The pro cyclists you will see this month flying around Tour De France did not always have the innate ability that they now have. At some point, they all had to learn how to train smart, to clip into their pedals, even how to shift gears. Here is how!
Stay Fresh - Ride new roads once in a while. Get a map out and just go for a ride. The more varied the roads the more interesting the ride!
Intervals Made Easy – Interval training can be fun, easy and greatly improves your ability over time. Try two minutes hard pedalling followed by two minutes easy. One minute hard, one minute easy then 30 seconds of each, finishing with a 15 second sprint. Finally cool down for five minutes and repeat!
Conquer a Steep Climb – It is all about pacing. Do not charge into it with everything you have. Start at a steady pace and shift through your gears until you reach a balance between maintaining a decent cadence, about 75 to 80 rpm, and a sustainable intensity. If you go hard too early, you are likely to stay in too big a gear, which will tire you out and slow you down.
Stop Stressing Over Flats – Do not wait until you are on the road to hone your flat-changing skills. Practice changing a tyre in the comfort of your garage, using the same pump and tools you carry on your ride and you will then be less worried about getting a flat far from home.
Ride with a group - Take a cue from the pro peloton and ride with a group of friends. Cycling is always more fun and faster in a group.
Drink Responsibly – It is okay to glance down at your bottle before grabbing or replacing it. Keep your eyes on the road as you reach down. Do not tilt your head to get the water into your mouth, tilt the bottle. If something comes up while you are drinking, bite the bottle until you are through the tricky part.
Shift Like Butter - Anticipation is the key to proper shifting. To make the transition smoother, try to change gears just before you really need to. Shifting at the dead spot of your pedal stroke, when your feet are at 12 and 6 o’clock is the most efficient way.
Descend with Confidence - Stay loose when plunging down a hill. If you are stiff, you will be rigid and skittish. Get your hands into the drops to lower your centre of gravity and put weight on the front wheel. On downhill turns, focus your weight on your outside foot and inside hand.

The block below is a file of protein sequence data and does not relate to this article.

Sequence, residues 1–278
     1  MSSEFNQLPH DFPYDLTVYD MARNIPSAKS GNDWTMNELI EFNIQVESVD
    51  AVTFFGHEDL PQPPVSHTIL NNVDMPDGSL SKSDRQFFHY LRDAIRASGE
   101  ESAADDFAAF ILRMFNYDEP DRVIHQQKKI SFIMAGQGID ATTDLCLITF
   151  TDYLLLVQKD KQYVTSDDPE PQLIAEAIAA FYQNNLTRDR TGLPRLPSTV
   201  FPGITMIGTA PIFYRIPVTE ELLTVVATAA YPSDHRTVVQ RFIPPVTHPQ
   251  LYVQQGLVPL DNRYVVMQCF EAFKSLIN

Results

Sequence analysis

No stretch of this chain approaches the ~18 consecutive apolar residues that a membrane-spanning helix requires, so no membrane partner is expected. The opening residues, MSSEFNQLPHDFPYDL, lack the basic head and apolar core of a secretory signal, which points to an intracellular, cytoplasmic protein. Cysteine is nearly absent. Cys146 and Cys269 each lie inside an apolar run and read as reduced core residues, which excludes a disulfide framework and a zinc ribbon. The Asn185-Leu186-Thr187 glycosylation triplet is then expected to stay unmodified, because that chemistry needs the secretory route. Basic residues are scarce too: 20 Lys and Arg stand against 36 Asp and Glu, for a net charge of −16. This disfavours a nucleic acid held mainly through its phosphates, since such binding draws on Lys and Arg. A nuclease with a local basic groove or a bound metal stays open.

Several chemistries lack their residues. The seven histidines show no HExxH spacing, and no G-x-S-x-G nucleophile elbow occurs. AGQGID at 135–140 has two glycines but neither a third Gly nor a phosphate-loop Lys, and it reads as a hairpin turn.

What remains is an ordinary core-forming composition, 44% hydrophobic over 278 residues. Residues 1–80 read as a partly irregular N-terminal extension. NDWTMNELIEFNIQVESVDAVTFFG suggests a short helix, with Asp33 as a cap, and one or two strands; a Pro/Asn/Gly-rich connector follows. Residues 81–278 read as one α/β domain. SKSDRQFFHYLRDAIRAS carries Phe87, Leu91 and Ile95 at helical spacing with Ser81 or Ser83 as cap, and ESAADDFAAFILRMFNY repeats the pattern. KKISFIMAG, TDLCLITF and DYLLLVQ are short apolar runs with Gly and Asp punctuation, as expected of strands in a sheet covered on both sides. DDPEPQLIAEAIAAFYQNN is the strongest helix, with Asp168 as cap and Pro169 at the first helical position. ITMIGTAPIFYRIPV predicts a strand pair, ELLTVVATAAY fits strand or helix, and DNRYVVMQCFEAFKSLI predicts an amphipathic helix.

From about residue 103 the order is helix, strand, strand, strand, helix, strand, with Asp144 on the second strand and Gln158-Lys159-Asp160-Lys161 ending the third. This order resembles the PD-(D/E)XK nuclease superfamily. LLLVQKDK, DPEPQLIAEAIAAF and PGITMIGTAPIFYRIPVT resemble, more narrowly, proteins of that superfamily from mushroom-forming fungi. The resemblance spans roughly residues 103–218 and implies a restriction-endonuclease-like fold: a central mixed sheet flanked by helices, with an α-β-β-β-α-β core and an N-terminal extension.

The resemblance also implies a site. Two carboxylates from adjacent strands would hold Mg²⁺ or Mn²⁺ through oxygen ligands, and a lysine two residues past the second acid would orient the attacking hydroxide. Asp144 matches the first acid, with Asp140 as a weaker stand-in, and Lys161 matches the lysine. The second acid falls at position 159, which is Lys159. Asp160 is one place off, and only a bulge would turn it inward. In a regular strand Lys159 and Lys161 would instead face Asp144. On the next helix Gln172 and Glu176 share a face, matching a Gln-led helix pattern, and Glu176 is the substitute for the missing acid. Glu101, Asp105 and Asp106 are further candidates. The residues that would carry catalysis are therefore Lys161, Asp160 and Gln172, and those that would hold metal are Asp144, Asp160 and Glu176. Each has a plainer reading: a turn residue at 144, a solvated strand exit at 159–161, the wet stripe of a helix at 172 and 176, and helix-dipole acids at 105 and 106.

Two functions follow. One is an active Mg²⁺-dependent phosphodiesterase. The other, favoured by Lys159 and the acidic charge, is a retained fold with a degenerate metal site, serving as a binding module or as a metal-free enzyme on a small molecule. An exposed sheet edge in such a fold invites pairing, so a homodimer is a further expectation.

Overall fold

Healthy Eating – Always eat a healthy balanced diet and you will have all the energy for cycling you could possibly need.
A pre ride check can prevent more than 90% of problems and accidents that can occur during your ride!
The set-up of a bicycle is important no matter what type of cycling you do. Racing, mountain biking and touring cycling require different postures to gain maximum effect for the task. For the most part, this article is aimed at racing cyclists but, with understanding of the principles involved, modifications can be made to suit you and your activities.
Your body is in contact with the bicycle at the pedals, saddle and handlebars. The joint of the big toe must be in-line with the axis of the pedal, the ischial bones (bottom bones) of the pelvis must be towards the back of the saddle and the hands should be placed on the handlebars or brake-lever hoods.
To get all these areas working in harmony with the bicycle is going to require a certain level of compromise. That is, if you are a racing cyclist you should lean low with the torso so as to reduce drag and increase aerodynamic efficiency, but may be at the cost of comfort ,especially across the shoulders and neck. You can read about common neck injuries here.
The touring cyclist will want to sit more upright for comfort but, will lose power from the gluteal muscles (bottom muscles) as well as have reduced aerodynamics. It’s all give and take depending on your reason for cycling.
After all the measuring and setting-up, the most important factor is
feel. Saddle height is paramount and must be adhered to as closely as
possible. However, no matter what the numbers say, if you feel that one
of the measuring criteria is not quite suited to you, then, go with what feels correct.
There is art as well as science in the technique and if you get it right you too can ride like a superhero!